As Pinellas County's new school superintendent, Mike Grego earns top dollar.
He receives a $240,000 yearly salary, a $750 monthly car allowance and an annual contribution to a retirement plan worth 10 percent of his base pay. The total tab for taxpayers is $273,000.
But that's not all taxpayers are footing the bill for.
Grego, 55, who has more than 30 years of experience in state education, also receives a state pension worth $7,555 a month, or $90,660 a year. His pension was disclosed during private contract negotiations with the School Board, but it was never mentioned in public meetings.
Board members unanimously approved his contract Tuesday with little discussion.
On Thursday, Grego said his retirement was a "personal issue." He said he and his wife agreed he should retire in June 2011 after he left his job as superintendent of Osceola County Schools. The couple had children in school.
"We didn't really know what the future would hold," he said. "My first priority was caring for my family."
Drawing a state pension while working on the state payroll — a practice known as "double dipping" — has been controversial in Florida for years. The state's Deferred Retirement Option Program, or DROP, used to allow state workers to "retire" for one month and then return to their old jobs, drawing both a salary and a pension. Participants agreed to retire after five years.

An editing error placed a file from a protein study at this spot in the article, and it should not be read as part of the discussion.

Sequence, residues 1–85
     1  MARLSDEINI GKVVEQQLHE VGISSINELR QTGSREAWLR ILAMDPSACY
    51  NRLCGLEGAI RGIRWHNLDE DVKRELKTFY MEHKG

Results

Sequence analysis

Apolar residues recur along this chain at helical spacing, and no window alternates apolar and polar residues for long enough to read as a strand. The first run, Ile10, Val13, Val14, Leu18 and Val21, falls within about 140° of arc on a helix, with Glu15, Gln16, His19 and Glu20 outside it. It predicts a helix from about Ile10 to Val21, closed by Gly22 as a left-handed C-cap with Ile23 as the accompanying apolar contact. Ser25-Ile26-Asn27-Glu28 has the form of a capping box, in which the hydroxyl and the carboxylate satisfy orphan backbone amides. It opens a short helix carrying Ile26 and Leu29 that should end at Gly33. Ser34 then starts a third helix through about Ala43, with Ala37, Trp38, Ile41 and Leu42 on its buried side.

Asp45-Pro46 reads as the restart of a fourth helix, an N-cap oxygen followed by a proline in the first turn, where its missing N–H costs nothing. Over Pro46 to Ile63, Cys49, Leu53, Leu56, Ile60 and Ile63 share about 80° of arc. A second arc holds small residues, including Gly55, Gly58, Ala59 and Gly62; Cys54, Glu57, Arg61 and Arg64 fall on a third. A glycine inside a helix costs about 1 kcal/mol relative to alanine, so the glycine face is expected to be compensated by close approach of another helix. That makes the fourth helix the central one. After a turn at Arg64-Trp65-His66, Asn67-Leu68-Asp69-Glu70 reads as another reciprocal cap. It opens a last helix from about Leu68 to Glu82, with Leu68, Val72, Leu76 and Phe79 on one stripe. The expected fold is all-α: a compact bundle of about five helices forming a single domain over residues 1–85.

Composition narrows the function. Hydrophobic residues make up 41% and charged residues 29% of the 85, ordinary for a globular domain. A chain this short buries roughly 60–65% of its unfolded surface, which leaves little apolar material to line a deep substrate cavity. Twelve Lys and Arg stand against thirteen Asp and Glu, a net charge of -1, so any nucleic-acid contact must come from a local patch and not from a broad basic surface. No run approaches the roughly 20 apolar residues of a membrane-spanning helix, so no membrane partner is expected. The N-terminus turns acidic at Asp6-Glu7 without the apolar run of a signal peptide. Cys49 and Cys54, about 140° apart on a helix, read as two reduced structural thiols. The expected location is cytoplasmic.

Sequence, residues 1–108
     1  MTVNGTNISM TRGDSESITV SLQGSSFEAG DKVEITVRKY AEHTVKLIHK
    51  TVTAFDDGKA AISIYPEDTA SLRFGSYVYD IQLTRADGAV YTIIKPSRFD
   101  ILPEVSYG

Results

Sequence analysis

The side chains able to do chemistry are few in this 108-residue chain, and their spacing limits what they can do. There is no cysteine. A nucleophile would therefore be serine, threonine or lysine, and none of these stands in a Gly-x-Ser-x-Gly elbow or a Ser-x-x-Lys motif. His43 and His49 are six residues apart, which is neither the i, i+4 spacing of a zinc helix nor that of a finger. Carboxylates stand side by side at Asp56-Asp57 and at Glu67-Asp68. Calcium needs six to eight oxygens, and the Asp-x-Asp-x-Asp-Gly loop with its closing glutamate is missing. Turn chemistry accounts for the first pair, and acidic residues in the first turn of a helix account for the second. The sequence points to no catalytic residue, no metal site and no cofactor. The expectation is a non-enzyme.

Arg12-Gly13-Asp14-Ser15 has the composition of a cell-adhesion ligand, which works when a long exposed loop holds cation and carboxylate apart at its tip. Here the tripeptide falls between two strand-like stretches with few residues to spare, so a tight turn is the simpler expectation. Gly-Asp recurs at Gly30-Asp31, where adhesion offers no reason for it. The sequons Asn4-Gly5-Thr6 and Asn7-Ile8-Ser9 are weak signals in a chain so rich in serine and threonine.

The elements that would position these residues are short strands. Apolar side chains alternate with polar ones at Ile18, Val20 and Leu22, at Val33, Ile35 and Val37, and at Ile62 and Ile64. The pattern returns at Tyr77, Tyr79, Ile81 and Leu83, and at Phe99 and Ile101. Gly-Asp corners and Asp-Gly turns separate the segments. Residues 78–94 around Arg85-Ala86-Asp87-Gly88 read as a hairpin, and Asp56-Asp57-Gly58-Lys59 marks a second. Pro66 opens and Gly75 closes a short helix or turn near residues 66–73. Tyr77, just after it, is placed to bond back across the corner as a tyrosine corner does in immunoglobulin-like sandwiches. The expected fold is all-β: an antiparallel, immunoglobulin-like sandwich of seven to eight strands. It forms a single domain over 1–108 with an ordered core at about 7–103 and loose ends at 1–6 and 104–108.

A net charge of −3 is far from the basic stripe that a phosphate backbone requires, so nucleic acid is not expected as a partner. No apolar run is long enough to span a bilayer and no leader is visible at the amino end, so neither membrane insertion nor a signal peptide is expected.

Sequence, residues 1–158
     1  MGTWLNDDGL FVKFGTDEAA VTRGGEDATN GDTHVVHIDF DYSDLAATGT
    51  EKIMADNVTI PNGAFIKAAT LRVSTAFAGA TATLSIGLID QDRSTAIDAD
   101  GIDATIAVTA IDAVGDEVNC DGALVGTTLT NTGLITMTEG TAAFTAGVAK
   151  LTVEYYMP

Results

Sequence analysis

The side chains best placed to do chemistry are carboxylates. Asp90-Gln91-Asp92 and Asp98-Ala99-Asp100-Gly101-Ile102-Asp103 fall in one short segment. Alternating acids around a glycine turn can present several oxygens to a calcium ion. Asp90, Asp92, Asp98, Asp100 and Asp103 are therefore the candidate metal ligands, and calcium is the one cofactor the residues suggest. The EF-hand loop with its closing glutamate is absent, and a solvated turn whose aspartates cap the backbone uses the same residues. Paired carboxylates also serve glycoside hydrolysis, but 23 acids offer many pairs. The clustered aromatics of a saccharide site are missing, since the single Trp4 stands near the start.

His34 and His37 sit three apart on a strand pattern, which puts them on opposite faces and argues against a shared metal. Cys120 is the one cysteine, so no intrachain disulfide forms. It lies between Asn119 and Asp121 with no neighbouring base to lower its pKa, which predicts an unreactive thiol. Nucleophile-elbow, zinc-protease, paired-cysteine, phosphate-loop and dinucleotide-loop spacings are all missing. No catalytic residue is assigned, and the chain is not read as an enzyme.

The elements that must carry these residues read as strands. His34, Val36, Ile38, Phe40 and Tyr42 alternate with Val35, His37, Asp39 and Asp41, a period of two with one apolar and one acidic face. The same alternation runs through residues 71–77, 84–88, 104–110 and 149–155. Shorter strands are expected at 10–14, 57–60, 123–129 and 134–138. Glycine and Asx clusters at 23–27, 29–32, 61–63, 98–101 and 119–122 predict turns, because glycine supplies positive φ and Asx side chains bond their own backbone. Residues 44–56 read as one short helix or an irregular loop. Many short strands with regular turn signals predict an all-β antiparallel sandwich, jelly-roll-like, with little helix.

In many cases, workers in DROP also received sizable lump sum payouts.
Many elected officials took advantage of the loophole, leaving for one month and then returning to their positions.
Lawmakers have tightened the rules since 2009, forcing employees to stay off the public payroll for six months before resuming their old jobs. Retirees also can't earn a second state pension if they resume work.
Grego retired, but he never enrolled in DROP, he said, though it would have been more lucrative. But he said he doesn't believe superintendents should participate because the program dictates when they leave.
"I believe as superintendent I should serve at the pleasure of the School Board," he said.
Several board members said Thursday that they had no problem with Grego earning a salary from the school district and drawing his state retirement at the same time.
Board chairwoman Robin Wikle, who negotiated the contract with board attorney David Koperski, said they did take Grego's pension into consideration. She was satisfied with the "happy medium" reached by the two parties, she said.
"Proven, successful superintendents don't grow on trees," she said.
Board member Glenton Gilzean said he toured schools with Grego on Thursday and already was impressed by what he'd seen.
"He is running a $1.2 billion operation (and) just like a CEO who has to run and manage that operation he should be fairly compensated," he said. "I think it's worth it."
Board member Terry Krassner said she was comfortable with Grego's contract. She noted that the school district won't have to pay into the Florida Retirement System on his behalf because Grego already has a pension.
For past superintendents, the district paid into the state retirement system and an additional tax-sheltered plan. Grego will get the tax-sheltered plan.
Koperski said not paying into the state retirement system saves the district money.
Board member Carol Cook called Grego's retirement a "non-issue." He's earning a higher salary than former superintendent Julie Janssen — who made about $200,000 a year — but has fewer perks in his contract, she said.
Janssen received $1,150 a month for a car and communication allowance. Grego's car allowance is $750 a month. If Grego is fired without cause, he also will be entitled to a much lower payout than Janssen received.
Plus, he has more experience than previous superintendents, Cook said.
"I think it's a fair contract all the way around," she said.
Cara Fitzpatrick can be reached at email@example.com, (727) 893-8846 or on Twitter @Fitz_ly.